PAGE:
Tag Archives: on set

“Capa flies backwards.”

Between the moment those three words came out of Alex Garland’s mind and the moment the resultant image goes into yours, they’ve passed through the hands of several hundred people.

I was at my desk when my colleague Phil’s mobile phone rang. When he hung up, he said, ‘That was Julian (Spencer, the Stunt Coordinator). They are going to re-shoot that shot Alwin did the other day. He wants me to go down to Stage 11 to help him out.’

“That shot Alwin did” involved Alwin Kuchler and Cillian Murphy both getting into harnesses connected to a track on the ceiling and being ‘flown’ around the set at very high speed. After watching it back, Danny Boyle wanted to see if they could be flown around any faster. The special effects crew in charge of the wirework tinkered with the rigging for a couple days to speed the whole thing up.

Before the main unit filmed it a second time, Julian Spencer got Kim, one of the stunt women, and Phil to help test out the new, speedy rigging. Whereas Kim is used to and trained in harness work, Phil was a complete novice. He seemed to be enjoying himself, however.


They got Phil and Kim in the harnesses and up in the air. Julian wanted Phil to film the whole thing so that he could show the tape to Danny to see if it was fast enough. Along with being suspended several feet in the air and pulled along several kilometres per hour, Phil had to try to keep Kim in shot, keep the camera steady and stay facing in the same direction.

This wasn’t going to be easy.


The first time they tested it, Phil and Kim ended up rotating about 90 degrees and were travelling sideways rather than forwards. No good. Next, Julian ran alongside them to try and keep them heading straight, but they were started out too quickly which jerked them both forward and up and meant that Phil wasn’t able to keep Kim in shot. No good. They tried again, starting off slowly, but they weren’t moving fast enough. Next, Phil wrapped his right arm around the wire Kim was on to try and keep the camera stable, but their wires were moving in opposite directions so Kim’s wire bumped him around too much to keep a steady shot. They were lowered for a rest while the effects guys thought about what they might be able to do about keeping the camera steady. After a few minutes they decided to connect it loosely to Kim’s wire so that the camera always moved with her, yet Phil had to still make sure she always stayed in shot. Phil and Kim were hoisted up again. They were flown across the studio several more times, Phil filming the whole time. All in all it took about an hour to get about 20 seconds of footage that Julian thought was good enough to show to Danny.


Phil and Kim were lowered and got out of the harnesses. Julian watched the shots back a few times then we all headed to Stage 5 where the main unit was filming. We walked in while they were setting up. About 10 seconds after we arrived, Danny walked by on his way to speak to one of the actors. Julian told him they he’d just done some tests with the new rigging and if Danny had a moment he could watch it. Phil opened up the view finder and Danny watched about 5 seconds and said, ‘Good. Thanks.’ and went back to work. And that was that.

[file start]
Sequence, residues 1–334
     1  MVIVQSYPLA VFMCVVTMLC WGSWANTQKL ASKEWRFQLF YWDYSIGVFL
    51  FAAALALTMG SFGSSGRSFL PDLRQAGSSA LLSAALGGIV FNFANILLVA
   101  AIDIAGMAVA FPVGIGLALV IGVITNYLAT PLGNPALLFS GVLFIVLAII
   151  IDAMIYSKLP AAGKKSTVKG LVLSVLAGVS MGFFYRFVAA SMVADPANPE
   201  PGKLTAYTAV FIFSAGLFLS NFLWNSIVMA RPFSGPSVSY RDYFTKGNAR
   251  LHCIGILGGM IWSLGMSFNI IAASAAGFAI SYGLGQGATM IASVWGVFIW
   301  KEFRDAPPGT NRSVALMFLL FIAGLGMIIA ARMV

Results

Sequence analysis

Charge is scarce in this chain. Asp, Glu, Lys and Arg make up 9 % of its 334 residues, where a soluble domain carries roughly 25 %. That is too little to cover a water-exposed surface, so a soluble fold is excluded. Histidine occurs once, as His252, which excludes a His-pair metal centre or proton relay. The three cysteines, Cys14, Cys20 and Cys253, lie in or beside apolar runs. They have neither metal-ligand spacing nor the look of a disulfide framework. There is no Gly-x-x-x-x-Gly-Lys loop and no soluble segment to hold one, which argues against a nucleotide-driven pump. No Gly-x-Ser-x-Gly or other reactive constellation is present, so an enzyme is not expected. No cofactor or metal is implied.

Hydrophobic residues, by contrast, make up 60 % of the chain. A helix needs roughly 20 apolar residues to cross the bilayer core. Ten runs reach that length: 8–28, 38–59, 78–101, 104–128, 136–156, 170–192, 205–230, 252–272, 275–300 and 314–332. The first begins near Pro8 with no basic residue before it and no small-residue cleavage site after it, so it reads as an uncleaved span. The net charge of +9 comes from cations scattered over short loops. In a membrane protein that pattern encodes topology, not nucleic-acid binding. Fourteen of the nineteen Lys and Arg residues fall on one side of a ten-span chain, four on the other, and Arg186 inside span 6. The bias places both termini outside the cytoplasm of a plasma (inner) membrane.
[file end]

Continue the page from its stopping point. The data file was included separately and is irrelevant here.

In the end they rigged up the camera to the wire which was holding Cillian and Alwin never went up again- not having two people one the wires allowed Cillian to travel much quicker and get the shot Danny wanted.

The film was processed, synched up, digitised. It will be edited, graded, sound dubbed. It will be duplicated and distributed. It will be threaded into a projector, the lights will go down and for a brief moment in the film you will see Capa fly backwards.

2014 Update: Here’s a behind-the-scenes video on stunts featuring Julian Spencer

#0000FF #00FF00

One of the things that’s been perplexing me lately is this:

Why sometimes blue screen, why sometimes green screen?


Obviously, as a film set in space, there are going to be quite a lot of computer graphics done in post-production over the coming months. Some of the shots will be entirely computer generated – when you see the whole of the spaceship, for example- other scenes will be a composite of live action and computer generated imagery – one of the characters doing a spacewalk or one of the sets extended digitally. The latter composite shots need to be filmed with the live action in front of either a blue screen or a green screen so that the computer generated images can easily be added in place of the blue or the green.

When filming started, Stage 8 and the Airlock set both had blue screen. ‘Normal,’ I thought, ‘Blue. Normal.’ Then suddenly, without any warning whatsoever, Stage 8 and Stage A had green screen.

Why? Why green? Wasn’t blue good enough?


Right now it’s gone really mixed-up and crazy- there’s one studio which is entirely blue screen with no set, another studio which is entirely green screen with no set, but with an enormous model, and one studio which has a set, but the walls are all green screen.